Want to see some butterflies? Try looking down. Strange advice, I know. We’re trained to look up for those big, beautiful insects like swallowtails and monarchs. But, in fact, most butterflies are a lot smaller than that. In my yard, swallowtails are rare visitors and I’ve never yet seen a monarch butterfly.
But, by looking down, I have seen the more humble of the clan. Little hairstreaks and skippers are common in our area, and they’re just as cool. As I build my landscape with milkweeds and other butterfly-friendly native plants, I’m watching to see who else I can get to visit me.
The wildflower-seeding project I started last spring continues off and on. I harvest seed from wildflowers like coreopsis and blue flax, and then scatter them on my daily bike rides. As before, I use native wildflowers, not aliens that might become invasive. I keep my seeds out of people’s yards. Only areas like road banks and traffic islands are on my radar — especially if they’re already overgrown with weeds.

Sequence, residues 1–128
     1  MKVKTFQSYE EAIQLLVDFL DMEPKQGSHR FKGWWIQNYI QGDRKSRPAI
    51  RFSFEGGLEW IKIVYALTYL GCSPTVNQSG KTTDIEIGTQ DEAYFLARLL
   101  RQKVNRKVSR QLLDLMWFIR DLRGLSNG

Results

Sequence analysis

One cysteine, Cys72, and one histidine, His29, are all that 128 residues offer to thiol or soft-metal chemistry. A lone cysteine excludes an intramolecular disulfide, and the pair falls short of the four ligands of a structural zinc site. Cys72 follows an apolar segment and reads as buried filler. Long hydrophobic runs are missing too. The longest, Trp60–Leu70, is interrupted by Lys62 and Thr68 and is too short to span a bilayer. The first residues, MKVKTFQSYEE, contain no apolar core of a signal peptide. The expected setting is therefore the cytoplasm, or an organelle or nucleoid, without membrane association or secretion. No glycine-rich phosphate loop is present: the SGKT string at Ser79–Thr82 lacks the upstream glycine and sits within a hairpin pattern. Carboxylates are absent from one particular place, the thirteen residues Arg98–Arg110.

These seem like tiny patches of land, but our native bees are also tiny and don’t need all that much room. My goal is to improve bee habitat and beautify desolate areas at the same time.
Here comes the hot weather again! It would sure be nice if my cucumbers and blackberries kept yielding for me. I’m giving everything in my yard a good drink ahead of hundred-degree days in the forecast.
At last, I’ve had female flowers on my winter squash. I hand-pollinated a pumpkin and am watching for the chance to do the same on my butternut and acorn squashes.
In the kitchen, I canned two batches of cherry/blackberry jam, and I’ve frozen some wax beans and kale. I nearly have enough tomatoes to freeze some of them, too.
Heat did the trick, and I finally got sprouts on my inside starts of Mexican Hats and Milkweed. That means my plan to buff up butterfly habitat can eventually go forward.
Someone on my block has gotten chickens. A rooster has been crowing since about the start of July. Oddly enough, the crowing doesn’t bother me as much as I would have expected.
Until next time, keep digging in the dirt!